Myth: New U.S. nuclear plants will suffer cost and schedule overruns.
Fact: Several new dynamics support the expectation that new U.S. nuclear projects will be completed on time and on budget: the new combined construction and operating license process, standardized plant designs, computer modeling, computer-aided modular construction, integrated engineering and construction schedules, and major changes to financing requirements.
Note: With few exceptions new nuclear plants are being completed on time and on budget overseas. Additionally, the Tennessee Valley Authority in 2007 completed a five-year, $1.8 billion refurbishment of the Browns Ferry Unit 1 reactor in northern Alabama on schedule and within budget. For more information, see the Nuclear Energy Insight article “TVA Restarts Browns Ferry Reactor.”
Myth: Most Americans do not support using nuclear energy.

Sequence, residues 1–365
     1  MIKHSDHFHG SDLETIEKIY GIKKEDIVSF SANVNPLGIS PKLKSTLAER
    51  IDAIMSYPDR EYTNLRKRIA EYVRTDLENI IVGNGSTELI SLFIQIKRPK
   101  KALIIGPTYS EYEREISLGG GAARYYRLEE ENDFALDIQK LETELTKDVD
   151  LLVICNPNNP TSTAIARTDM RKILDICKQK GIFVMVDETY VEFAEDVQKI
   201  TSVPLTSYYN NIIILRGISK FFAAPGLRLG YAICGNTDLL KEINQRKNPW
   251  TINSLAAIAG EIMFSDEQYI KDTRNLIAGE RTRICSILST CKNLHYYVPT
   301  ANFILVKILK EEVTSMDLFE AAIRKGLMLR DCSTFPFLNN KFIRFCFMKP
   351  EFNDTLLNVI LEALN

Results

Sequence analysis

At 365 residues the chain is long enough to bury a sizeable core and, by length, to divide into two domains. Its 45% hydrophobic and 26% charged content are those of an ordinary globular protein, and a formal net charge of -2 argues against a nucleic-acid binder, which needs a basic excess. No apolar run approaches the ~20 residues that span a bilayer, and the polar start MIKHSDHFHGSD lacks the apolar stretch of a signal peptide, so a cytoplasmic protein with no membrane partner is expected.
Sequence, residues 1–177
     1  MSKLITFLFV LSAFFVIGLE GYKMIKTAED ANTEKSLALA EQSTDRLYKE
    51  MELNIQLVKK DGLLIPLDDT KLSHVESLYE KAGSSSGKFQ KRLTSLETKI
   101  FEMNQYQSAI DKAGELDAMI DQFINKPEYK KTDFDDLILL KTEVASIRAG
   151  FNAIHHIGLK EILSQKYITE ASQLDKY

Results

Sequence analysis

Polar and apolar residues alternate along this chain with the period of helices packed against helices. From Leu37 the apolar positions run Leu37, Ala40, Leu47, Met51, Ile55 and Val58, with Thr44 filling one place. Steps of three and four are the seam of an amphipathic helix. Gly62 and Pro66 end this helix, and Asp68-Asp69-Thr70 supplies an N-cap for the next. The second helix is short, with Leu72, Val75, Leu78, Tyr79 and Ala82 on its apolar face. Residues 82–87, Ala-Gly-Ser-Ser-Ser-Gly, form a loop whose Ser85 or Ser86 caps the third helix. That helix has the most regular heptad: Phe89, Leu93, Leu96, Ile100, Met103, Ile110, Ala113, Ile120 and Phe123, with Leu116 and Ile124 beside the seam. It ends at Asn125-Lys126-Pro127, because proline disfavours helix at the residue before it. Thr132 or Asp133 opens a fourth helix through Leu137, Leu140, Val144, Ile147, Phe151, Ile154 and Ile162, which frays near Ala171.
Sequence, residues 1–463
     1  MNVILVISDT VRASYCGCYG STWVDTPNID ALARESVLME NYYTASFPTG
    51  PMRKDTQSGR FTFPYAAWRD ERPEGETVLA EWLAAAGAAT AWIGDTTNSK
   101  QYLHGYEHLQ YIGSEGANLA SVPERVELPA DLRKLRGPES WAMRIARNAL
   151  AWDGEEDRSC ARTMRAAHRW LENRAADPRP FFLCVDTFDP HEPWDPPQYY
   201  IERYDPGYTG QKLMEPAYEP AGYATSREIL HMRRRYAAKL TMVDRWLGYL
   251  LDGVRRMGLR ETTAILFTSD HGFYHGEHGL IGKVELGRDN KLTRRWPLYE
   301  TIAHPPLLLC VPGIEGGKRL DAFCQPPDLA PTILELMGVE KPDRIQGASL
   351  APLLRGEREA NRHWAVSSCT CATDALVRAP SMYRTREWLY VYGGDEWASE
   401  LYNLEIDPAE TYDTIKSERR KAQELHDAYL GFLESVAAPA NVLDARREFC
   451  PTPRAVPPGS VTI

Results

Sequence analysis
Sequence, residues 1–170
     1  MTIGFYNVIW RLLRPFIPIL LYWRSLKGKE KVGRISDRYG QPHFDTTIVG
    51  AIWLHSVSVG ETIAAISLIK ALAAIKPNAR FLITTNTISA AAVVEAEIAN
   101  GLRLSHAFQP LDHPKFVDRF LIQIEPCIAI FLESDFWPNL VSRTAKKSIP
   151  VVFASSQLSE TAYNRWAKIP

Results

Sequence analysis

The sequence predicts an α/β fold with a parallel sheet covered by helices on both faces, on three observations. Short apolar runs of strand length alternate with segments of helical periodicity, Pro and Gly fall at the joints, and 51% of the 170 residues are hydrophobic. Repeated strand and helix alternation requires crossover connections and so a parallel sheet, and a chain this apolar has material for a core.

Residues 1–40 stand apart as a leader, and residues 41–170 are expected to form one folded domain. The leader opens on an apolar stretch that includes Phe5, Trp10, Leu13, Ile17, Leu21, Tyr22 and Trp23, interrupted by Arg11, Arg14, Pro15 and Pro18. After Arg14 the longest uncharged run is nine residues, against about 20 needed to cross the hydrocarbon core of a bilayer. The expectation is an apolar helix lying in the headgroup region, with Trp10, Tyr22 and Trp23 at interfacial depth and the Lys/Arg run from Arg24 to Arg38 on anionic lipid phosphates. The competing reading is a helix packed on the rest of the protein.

Fact: A national poll performed a year after the accident in Fukushima, Japan, found that a majority of Americans support the use of nuclear energy. According to the March 2012 Gallup poll, “One year after the tsunami and resulting failure of the Fukushima nuclear power plant in Japan, a majority of Americans continue to favor the use of nuclear energy as one of the ways to provide electricity for the U.S. The 57 percent who favor nuclear power this year is identical to the percentage measured in early March 2011, just before the Fukushima incident." A February 2012 national poll of 1,000 adults performed by Bisconti Research Inc./Gfk Roper found that solid majorities continue to have favorable opinions about nuclear energy and new plants, but at below peak levels. The survey found 64 percent in favor of nuclear energy and 33 percent opposed, compared with 62 percent in favor and 36 percent opposed in September 2011. While 28 percent strongly favor nuclear energy, 17 percent are strongly opposed. Attitudes toward nuclear energy stand at approximately the level seen in a large number of the surveys in the past decade but below pre-Fukushima peak of 74 percent in favor of nuclear energy. A near-consensus 82 percent agree with renewing the license of nuclear power plants that continue to meet federal safety standards, 74 percent believe that electric utilities should prepare now so that new nuclear power plants could be built if needed in the next decade, and 58 percent believe that we should “definitely build more nuclear power plants in the future.” Also, 81 percent believe that nuclear energy will play an important role in meeting the nation’s electricity needs in the years ahead; 42 percent think that role will be very important. Two-thirds of Americans (65 percent) said they would find a new reactor acceptable at the site of the nearest nuclear power plant that is already operating, if a new power plant were needed.